Abstract [en]

The thinning of the stratospheric ozone layer has prompted a large number of studies of UV-B-induced effects in biological and chemical systems. The wavelength dependency of such effects is of interest from mechanistic, physiological or economic points of view. Here, we describe an apparatus for determining the wavelength dependency of UV-B effects in biological and chemical systems. The apparatus consists of a high intensity UV radiation source and narrow bandpass filters to produce UV radiation in even intervals (between 280 and 360 nm). The usefulness of the equipment is demonstrated in two different systems: 1) Chalcone synthase (CHS) gene is up-regulated by UV-B radiation. Therefore quantitative analysis of the CHS gene expression was chosen in the present investigation for studies of the wavelength dependency of gene expression regulation in plants. Maximum induction of CHS expression was found at 300 nm with a 12-fold induction compared with the control; 2) The wavelength dependency of formation of dioxin-like photoproducts from the brominated flame retardant decabrominated diphenyl ether (DeBDE) is described. This is an example of UV-B-induced conversion of non-toxic species into a number of products of which some may be toxic in the environment. In the UV interval studied, the highest dioxin-like activity was found in the sample irradiated at 330 nm and therefore this wavelength is most important for the mechanism involved in photoconversion of DeBDE.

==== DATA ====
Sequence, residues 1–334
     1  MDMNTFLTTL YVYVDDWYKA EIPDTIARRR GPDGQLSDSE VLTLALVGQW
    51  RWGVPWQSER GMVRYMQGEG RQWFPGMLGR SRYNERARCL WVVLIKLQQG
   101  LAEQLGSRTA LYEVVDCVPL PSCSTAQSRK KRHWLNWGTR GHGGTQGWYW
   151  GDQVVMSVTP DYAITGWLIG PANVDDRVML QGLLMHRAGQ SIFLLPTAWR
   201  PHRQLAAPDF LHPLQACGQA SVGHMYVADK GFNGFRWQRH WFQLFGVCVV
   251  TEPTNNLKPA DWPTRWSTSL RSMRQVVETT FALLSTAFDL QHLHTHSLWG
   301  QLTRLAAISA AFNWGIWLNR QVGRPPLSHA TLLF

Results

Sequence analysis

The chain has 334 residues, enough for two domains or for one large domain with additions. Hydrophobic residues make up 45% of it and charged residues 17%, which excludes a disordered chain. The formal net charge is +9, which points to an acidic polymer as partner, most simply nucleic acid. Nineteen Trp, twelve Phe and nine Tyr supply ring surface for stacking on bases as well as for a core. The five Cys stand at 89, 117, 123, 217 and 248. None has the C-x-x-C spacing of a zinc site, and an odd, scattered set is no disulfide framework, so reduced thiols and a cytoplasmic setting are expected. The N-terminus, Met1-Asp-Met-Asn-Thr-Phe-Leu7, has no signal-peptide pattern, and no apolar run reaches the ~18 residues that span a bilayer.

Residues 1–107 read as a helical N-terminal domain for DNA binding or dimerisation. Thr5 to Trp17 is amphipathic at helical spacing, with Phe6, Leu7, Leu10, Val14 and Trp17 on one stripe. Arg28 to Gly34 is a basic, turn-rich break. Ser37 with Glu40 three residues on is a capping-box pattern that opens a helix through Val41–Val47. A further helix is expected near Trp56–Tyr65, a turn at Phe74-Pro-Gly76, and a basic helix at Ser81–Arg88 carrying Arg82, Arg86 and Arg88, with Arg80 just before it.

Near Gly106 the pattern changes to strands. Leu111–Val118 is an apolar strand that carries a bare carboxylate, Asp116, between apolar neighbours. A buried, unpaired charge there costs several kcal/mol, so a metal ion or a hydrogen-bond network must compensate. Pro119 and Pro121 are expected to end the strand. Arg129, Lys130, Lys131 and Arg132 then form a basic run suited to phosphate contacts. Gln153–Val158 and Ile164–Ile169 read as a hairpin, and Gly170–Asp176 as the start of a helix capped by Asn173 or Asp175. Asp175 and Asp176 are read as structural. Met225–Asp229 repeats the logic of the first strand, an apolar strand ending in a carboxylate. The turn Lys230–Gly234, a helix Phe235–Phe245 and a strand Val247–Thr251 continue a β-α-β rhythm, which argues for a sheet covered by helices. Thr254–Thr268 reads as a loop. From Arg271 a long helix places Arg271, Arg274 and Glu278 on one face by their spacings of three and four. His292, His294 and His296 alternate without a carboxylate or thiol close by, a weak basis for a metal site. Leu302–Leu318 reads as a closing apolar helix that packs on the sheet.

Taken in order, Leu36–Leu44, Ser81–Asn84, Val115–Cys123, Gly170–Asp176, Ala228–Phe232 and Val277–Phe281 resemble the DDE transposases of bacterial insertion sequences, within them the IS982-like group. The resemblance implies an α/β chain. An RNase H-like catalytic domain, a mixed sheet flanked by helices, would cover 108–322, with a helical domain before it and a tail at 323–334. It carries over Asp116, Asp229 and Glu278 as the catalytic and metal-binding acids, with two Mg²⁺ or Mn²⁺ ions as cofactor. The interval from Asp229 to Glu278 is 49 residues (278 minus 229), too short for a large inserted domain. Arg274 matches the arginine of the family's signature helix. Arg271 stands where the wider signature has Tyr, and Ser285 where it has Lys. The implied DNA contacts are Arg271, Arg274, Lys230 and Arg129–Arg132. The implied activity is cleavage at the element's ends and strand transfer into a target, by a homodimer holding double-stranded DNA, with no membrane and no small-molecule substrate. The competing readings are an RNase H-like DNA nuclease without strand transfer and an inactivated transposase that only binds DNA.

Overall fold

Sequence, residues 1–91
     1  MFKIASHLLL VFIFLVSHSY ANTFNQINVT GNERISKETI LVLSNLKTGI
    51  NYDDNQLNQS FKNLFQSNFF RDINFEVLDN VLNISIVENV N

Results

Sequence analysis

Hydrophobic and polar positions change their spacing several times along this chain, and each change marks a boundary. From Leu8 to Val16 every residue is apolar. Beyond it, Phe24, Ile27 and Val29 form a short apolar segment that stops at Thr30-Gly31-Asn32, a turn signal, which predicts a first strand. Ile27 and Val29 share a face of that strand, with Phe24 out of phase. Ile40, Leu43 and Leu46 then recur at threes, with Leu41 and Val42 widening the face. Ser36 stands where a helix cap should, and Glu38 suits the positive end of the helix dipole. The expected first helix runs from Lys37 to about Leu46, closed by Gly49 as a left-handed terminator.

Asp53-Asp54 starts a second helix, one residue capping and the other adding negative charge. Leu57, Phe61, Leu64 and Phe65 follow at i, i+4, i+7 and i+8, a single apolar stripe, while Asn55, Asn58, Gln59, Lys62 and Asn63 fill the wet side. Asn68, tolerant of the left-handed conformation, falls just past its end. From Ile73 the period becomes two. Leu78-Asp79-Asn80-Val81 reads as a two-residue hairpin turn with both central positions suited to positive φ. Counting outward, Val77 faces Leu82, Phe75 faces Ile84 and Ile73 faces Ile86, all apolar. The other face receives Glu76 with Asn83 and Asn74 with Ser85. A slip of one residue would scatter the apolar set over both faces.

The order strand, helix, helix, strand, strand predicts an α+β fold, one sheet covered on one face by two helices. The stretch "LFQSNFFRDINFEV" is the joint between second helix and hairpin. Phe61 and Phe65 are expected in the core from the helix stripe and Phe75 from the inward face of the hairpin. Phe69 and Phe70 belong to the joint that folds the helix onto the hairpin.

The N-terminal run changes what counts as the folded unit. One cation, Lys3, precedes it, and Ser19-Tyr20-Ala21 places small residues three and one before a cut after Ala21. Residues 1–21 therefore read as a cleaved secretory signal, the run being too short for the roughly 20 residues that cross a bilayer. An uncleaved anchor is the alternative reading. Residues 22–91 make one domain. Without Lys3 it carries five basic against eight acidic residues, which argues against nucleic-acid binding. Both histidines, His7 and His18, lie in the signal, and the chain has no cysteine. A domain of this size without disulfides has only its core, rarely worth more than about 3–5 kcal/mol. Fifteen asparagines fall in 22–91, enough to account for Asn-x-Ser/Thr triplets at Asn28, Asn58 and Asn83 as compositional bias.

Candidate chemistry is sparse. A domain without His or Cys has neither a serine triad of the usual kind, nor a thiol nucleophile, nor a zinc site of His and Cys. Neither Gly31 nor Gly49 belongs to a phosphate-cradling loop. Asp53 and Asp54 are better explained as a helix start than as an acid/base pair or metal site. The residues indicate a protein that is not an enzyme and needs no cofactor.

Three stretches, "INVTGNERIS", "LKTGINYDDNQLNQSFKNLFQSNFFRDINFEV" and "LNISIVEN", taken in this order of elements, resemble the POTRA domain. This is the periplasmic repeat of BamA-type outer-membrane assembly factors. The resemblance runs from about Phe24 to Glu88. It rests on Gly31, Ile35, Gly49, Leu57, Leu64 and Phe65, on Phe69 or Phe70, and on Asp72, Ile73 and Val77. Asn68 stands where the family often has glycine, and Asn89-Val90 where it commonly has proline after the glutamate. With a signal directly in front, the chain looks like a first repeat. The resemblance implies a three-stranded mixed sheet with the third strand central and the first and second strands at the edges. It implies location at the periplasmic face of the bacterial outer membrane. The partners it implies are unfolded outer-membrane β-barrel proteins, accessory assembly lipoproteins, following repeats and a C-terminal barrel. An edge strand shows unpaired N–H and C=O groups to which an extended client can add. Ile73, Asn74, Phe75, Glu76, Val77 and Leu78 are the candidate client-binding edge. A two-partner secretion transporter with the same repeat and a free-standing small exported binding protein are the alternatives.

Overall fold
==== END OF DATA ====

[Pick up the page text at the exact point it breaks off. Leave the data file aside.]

Keywords
Arabidopsis/growth & development/*radiation effects, Cell Culture Techniques/*instrumentation/methods, Cell Survival/radiation effects, Dioxins/*chemistry/*radiation effects, Dose-Response Relationship; Radiation, Equipment Design, Equipment Failure Analysis, Escherichia coli/physiology/*radiation effects, Radiation Dosage, Radiometry/*instrumentation/methods, Ultraviolet Rays
National Category
Medical Biotechnology (with a focus on Cell Biology (including Stem Cell Biology), Molecular Biology, Microbiology, Biochemistry or Biopharmacy)
Research subject
Biochemistry
Identifiers
urn:nbn:se:oru:diva-4134 (URN)10.1016/j.jbbm.2005.09.001 (DOI)16256203 (PubMedID)
Available from: 2008-11-12 Created: 2008-11-12 Last updated: 2017-12-14Bibliographically approved